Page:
As color explodes and birdsong intensifies across central Missouri, the first pair of brown-headed cowbirds arrived on our property. Moving about the yard, the male engaged in his courtship display, anxious to mate with his bride; unfortunately, neither is willing to accept parental responsibilities.
Throughout the warmer months, the female will lay eggs in the nests of other songbirds; once they hatch, the young cowbirds, often larger and more aggressive than their nest mates, are raised by the adoptive parents, who may lose some of their own offspring in the process. By turning over parental duties to other birds, cowbirds augment their breeding efficiency and boost the population of their own species.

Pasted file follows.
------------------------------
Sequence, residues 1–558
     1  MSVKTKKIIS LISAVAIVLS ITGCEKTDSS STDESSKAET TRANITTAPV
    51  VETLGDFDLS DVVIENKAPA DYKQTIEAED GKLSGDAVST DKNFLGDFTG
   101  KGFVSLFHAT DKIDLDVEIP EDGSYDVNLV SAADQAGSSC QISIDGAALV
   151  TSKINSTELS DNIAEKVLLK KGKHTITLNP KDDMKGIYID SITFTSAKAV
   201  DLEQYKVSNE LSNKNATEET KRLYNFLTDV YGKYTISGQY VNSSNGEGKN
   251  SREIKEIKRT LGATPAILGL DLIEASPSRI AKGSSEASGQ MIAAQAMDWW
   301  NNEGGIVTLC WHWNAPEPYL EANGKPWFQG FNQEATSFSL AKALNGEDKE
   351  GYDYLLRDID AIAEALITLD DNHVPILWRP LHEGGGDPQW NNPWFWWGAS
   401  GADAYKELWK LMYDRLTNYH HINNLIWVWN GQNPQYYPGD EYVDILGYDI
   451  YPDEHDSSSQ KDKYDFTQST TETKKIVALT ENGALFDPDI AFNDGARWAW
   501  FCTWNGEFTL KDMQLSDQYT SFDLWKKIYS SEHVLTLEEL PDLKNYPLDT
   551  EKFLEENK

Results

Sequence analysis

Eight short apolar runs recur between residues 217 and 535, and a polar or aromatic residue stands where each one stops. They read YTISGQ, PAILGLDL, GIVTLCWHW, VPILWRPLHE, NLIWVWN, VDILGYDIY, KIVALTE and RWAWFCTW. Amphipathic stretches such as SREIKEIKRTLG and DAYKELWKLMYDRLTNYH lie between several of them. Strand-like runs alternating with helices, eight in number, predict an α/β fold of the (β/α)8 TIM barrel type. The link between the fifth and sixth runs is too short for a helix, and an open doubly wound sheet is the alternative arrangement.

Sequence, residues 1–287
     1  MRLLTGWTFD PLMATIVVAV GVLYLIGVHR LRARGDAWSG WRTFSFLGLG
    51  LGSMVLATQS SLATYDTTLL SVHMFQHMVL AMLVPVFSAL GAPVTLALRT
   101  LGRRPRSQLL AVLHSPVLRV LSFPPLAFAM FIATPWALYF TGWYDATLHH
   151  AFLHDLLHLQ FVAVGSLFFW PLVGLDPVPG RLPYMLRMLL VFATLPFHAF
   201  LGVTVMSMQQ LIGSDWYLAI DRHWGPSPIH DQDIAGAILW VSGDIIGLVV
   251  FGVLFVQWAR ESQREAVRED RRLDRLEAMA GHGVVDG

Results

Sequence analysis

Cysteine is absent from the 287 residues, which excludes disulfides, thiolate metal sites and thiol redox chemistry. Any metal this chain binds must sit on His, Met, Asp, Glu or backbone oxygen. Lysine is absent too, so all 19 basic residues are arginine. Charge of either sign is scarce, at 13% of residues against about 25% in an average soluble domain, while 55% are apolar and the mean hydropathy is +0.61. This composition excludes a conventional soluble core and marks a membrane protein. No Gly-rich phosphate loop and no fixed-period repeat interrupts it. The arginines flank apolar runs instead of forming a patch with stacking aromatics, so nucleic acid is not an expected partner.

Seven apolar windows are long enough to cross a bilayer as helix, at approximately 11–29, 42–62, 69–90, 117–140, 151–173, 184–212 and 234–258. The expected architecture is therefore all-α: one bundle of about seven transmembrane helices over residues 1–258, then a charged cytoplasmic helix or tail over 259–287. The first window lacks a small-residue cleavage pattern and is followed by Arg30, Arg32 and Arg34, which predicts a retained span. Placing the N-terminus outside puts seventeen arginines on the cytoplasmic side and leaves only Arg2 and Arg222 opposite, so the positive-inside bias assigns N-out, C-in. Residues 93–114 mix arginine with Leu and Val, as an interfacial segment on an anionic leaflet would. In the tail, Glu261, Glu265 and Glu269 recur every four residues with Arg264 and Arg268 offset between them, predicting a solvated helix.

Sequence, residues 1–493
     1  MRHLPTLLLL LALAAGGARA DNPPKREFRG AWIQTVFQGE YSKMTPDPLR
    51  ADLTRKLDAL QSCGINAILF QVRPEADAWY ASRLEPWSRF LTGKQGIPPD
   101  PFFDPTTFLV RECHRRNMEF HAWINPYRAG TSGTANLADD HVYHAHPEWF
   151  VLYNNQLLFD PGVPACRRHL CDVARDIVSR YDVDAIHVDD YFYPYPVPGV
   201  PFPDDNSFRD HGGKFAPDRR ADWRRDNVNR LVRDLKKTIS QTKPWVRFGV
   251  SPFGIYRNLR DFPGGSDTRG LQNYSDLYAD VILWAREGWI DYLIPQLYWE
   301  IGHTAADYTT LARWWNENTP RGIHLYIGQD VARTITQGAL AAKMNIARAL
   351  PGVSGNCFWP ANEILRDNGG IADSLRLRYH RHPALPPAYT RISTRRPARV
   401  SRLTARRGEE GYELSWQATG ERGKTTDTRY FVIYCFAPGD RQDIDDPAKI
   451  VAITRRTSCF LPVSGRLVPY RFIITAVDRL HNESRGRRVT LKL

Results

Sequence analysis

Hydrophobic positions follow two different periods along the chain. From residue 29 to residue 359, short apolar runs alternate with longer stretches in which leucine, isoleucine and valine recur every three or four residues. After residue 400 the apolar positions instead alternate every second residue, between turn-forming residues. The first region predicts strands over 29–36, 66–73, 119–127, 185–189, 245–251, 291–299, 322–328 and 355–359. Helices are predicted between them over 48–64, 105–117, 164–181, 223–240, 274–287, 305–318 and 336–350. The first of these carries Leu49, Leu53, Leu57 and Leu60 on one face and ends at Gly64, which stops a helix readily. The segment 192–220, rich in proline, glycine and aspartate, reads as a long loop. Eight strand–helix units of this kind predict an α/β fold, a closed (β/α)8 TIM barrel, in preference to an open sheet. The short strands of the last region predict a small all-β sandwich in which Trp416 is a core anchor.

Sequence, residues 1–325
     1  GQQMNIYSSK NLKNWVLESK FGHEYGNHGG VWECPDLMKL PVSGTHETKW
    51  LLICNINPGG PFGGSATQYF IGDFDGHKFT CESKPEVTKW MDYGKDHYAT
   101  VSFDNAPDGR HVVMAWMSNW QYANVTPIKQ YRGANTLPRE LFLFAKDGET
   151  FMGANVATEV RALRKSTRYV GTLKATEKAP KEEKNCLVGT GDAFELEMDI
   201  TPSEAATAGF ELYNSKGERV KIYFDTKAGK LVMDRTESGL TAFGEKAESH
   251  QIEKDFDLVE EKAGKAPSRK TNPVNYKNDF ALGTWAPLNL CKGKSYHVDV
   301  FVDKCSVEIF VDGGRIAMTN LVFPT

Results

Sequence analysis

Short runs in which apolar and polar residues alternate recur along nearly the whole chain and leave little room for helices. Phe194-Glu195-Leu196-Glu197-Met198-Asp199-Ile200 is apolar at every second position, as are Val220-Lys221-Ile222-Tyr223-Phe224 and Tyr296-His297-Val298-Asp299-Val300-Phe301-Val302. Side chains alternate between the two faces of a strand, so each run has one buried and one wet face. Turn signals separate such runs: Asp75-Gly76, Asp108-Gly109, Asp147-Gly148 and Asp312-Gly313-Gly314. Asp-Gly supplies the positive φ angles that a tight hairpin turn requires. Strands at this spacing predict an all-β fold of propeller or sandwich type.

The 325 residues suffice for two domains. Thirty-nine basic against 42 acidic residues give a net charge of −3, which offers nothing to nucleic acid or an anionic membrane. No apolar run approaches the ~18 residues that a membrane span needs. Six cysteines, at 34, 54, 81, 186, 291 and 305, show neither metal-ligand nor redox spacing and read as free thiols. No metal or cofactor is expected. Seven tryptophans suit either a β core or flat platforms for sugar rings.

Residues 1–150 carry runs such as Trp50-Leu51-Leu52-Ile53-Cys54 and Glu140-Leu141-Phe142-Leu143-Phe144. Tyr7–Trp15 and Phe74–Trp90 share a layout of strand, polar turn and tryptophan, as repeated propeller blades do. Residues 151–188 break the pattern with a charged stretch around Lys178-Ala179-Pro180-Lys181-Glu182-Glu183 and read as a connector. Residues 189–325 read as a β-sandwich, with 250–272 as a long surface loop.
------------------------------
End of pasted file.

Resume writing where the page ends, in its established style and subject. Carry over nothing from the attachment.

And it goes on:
Birders thus tend to despise these homewreckers, empathizing with the exploited parents. But nature is neither fair nor sentimental and her web of life is festooned with unpleasant and seemingly cruel forms of animal behavior. In the case of cowbirds, their instinctual disruption of other families has proved to be a very effective survival technique.